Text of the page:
From the 1960s to the 1990s, a cult known as The Family operated out of Melbourne by a woman named Anne Hamilton-Byrne.
At its peak, The Family boasted hundreds of members from top families and high society throughout the city. Doctors, professors, lawyers and psychologists were all members.
During those years and with the help of her followers, Hamilton-Byrne illegally adopted dozens of children and encouraged her followers to give their own biological children over to her. She was preparing the children for life after the impending apocolype, she told her followers. And so along with her husband Bill Hamilton, she created a ‘school’ for the children at a private Lake Eildon property called Uptop.
Once there, the children wore matching outfits, were given matching bleached blonde haircuts, had their names changed, followed a strict daily routine, and suffered horrific physical and mental abuse at the hands of female cult followers known as ‘the Aunties’.
Below is an extract from Chris Johnston and Rosie Jones’ recently released book, The Family, about what life was like for the children at Uptop.
Food was the ultimate battleground. The Aunties ate better-quality food, and while the children were sometimes given such treats as salmon mornay or macaroni cheese, this was a rarity. Survival instincts kicked in, and as the situation worsened they started to steal food from both Uptop and from empty holiday houses nearby. There was a shed near the house where canned food and fresh fruit and vegetables were kept. One of the kids figured out how to unscrew the hinges on the locked door. Anouree went in one night with some others and couldn’t get the bread and canned fish into her mouth fast enough. They were in a hurry, trying to be quiet while eating as quickly as possible. They were overwhelmed and confused and happy in the moment. ‘One of my siblings said, “Come on, come on, Boo, hurry up.” I said, “I can’t. I can’t.”‘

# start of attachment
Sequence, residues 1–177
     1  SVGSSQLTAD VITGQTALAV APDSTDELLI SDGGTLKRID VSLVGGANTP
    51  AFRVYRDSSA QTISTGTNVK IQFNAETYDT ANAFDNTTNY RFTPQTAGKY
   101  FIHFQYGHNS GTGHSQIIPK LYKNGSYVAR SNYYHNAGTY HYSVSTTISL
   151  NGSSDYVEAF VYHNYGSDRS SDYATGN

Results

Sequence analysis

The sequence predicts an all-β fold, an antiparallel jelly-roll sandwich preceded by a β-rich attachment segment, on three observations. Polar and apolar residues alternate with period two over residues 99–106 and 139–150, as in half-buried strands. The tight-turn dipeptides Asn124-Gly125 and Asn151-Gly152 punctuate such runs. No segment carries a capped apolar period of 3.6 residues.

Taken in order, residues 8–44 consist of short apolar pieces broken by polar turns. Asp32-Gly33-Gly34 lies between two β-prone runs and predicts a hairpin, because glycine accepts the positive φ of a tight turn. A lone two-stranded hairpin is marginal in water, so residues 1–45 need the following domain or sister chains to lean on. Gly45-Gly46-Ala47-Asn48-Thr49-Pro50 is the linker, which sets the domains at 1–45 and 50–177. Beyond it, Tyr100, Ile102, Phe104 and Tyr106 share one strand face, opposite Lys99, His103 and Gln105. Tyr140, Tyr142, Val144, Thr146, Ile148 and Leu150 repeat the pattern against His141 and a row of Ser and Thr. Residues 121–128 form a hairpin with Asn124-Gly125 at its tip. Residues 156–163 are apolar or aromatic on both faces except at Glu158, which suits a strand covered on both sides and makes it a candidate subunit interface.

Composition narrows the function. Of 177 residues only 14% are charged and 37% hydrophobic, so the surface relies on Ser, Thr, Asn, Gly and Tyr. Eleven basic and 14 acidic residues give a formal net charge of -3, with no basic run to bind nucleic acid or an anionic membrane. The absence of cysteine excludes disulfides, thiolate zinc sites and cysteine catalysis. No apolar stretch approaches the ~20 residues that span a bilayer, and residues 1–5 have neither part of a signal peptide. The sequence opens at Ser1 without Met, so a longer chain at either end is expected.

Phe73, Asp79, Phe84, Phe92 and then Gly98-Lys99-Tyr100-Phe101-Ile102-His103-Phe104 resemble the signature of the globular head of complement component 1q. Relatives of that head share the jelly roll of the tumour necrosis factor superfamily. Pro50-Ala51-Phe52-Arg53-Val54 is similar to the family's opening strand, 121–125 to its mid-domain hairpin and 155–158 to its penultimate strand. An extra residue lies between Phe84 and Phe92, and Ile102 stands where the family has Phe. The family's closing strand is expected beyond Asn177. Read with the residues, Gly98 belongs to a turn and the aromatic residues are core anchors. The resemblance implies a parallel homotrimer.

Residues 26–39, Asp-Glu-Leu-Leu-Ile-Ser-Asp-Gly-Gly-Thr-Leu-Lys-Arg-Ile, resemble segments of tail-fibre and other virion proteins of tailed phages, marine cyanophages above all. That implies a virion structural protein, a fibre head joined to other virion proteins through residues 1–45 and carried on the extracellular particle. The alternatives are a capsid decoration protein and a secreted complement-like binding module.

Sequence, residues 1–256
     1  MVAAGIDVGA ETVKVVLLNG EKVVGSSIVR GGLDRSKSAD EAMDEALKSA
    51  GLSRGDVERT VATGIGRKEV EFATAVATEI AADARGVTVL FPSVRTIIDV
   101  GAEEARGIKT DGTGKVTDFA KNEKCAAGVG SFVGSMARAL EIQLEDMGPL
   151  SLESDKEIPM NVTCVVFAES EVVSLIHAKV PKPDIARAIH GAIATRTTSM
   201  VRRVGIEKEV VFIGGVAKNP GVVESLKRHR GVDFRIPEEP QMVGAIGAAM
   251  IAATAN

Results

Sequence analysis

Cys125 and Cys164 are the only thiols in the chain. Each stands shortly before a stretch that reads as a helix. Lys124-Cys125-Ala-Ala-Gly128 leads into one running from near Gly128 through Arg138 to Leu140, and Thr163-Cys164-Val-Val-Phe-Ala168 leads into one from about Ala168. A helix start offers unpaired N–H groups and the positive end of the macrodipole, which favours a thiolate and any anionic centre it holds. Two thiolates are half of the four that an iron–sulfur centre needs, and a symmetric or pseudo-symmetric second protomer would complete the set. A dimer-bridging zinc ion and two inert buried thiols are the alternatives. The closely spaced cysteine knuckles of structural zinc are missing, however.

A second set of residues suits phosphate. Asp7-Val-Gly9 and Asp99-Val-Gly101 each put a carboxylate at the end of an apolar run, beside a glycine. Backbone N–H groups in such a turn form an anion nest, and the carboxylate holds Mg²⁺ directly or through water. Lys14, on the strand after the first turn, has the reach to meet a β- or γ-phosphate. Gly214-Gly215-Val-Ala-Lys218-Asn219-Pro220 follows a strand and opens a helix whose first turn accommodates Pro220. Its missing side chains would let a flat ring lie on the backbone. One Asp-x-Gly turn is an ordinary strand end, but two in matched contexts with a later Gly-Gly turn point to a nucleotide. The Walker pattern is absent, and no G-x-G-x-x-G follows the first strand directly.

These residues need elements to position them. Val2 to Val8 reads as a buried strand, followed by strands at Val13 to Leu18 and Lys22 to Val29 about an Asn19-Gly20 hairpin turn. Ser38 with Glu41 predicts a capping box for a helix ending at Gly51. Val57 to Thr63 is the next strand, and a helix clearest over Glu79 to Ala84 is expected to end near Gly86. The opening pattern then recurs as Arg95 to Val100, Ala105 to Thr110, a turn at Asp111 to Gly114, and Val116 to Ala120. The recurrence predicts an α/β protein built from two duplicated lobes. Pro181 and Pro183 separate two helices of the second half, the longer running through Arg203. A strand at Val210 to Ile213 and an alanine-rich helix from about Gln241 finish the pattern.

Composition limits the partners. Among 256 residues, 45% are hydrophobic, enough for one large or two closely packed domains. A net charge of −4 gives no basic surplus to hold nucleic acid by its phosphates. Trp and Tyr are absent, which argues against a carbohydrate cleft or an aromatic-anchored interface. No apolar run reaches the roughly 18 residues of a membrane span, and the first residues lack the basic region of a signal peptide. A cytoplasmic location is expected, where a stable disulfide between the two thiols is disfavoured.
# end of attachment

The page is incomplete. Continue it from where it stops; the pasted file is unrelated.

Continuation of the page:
Sarah was the most adventurous of the Uptop children. She was the bravest, others thought, and the wisest. She discovered she could get into an Aunty’s empty caravan at night and make toast and vegemite. But one night she wiped a knife on a tea towel and left a telltale smear of vegemite behind. Anne hit her with a shoe and threw her down a staircase, she tells us, and she had a chair thrown at her.